Daily Archives: February 2, 2010

DANCERS IN VILNIUS (by TAMAR KORN)

Who knew that the ethereally gutty Ms. Korn, an irreplaceable singer, was also a nifty photographer?  Well, here’s a sample — taken in Lithuania when the Cangelosi Cards did their summer 2009 tour:

I found this photograph (and others) on the newly enlarged site devoted to the Cards and to Mona’s Hot Four, to their music (compact disc issues for sale!), their calendar, news, contact information, and more.  Thanks to Marcus Milius for telling me about this.  I gather that the Cards are not (as I write this) performing Monday nights at Banjo Jim’s — for the time being — but all things are mutable.

Check it out!  http://www.losmusicosviajeros.net

WHEN HOT JAZZ WAS NEWS

Three clips from a vanished era — when movies were introduced by black-and-white newsreels (and cartoons, short subjects, even travelogues) that had time to show jazz musicians, those vivid people, in action.  Here are three very short excerpts brought to us by that intrepid jazz time-traveler Enrico Borsetti.  The subjects of the first clips will be more than familiar (you’ll see Arvell Shaw in the big band clip) but the surprise, for me, was of the brilliant New Orleans clarinetist Albert Nicholas in the final clip.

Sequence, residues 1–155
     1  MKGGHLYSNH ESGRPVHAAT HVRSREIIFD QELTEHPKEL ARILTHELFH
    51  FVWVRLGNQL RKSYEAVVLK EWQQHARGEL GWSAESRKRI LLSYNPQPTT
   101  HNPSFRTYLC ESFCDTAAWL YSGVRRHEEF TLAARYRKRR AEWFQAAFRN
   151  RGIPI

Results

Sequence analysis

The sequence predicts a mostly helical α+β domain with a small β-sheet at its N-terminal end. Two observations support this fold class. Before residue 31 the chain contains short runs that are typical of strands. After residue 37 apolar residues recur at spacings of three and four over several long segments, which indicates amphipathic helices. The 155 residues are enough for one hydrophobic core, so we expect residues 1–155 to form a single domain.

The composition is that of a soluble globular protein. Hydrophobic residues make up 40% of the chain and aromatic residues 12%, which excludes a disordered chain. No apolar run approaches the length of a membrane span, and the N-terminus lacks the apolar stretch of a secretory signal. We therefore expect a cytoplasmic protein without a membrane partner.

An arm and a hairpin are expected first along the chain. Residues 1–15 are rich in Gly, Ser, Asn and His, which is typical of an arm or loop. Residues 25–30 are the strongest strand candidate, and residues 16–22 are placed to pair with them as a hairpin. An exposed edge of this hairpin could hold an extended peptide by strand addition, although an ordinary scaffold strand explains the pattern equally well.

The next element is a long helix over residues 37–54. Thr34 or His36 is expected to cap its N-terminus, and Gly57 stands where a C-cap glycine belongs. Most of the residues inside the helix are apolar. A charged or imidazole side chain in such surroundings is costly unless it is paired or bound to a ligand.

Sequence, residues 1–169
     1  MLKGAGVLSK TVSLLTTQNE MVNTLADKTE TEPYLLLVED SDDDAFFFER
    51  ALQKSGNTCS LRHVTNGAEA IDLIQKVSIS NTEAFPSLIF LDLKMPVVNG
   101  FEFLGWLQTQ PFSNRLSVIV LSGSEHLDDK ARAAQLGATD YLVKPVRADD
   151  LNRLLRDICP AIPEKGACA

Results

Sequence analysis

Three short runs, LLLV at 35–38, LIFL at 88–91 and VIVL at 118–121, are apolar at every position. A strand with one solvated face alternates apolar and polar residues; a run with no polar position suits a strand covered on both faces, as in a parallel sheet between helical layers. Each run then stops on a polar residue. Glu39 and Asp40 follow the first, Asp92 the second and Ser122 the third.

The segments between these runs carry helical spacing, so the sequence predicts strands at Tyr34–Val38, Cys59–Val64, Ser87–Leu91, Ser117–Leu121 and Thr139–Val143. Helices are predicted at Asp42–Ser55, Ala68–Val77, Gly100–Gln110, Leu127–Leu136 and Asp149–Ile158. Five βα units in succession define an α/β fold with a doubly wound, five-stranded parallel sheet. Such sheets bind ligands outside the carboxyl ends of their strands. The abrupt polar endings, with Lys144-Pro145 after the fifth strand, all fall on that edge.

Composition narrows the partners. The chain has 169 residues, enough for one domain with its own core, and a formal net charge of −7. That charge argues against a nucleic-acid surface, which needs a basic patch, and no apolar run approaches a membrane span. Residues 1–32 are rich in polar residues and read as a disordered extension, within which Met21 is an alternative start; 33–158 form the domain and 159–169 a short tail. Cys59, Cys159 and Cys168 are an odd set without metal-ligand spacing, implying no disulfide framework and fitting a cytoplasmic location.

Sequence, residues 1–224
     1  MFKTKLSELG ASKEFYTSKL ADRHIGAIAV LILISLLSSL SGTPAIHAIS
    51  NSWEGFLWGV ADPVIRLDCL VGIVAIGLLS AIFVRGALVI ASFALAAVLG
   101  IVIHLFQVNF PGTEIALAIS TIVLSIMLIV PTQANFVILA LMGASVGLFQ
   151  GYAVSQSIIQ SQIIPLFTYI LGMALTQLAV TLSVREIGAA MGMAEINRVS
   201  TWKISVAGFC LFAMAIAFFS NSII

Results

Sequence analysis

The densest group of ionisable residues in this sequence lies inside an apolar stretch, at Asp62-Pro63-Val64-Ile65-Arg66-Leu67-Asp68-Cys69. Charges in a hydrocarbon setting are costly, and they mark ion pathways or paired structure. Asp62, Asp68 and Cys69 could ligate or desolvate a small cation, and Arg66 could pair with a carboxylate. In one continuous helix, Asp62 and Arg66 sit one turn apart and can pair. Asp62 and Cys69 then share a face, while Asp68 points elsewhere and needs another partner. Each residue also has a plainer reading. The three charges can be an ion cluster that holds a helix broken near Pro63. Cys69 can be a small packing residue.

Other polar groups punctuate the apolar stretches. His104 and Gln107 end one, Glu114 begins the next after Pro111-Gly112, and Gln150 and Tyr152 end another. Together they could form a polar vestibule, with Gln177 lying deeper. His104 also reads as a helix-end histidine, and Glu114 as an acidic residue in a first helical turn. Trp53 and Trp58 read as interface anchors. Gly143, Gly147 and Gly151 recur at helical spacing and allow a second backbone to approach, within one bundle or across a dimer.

Those of you who don’t speak Italian fluently and rapidly will find the narration difficult at first — but my readers are good at improvising!

In the first post (April 1959) the welcome is provided by the Roman New Orleans Jazz Band, and don’t ignore those beautifully dressed, smiling “stewardesses”:

Then, we move to Holland (May 21, 1958) in front of a very happy audience.  FINE comes all too soon:

Finally, the International Jazz Festival at San Remo (February 1, 1956) with twelve glorious bars of Albert Nicholas — one luminous blues chorus:

Also featured are Italian jazz notables Nunzio Rotondo, Carlo Pes, Romano Mussolini, Gilberto Cuppini and the Milan College Jazz Society.

P.S.  I have a particular sentimental attachment to footage of this kind because my late father worked for a time at Movietone News.  Irrelevantly, perhaps — one of his colleagues was Walter Bishop Sr., father of the modern jazz pianist.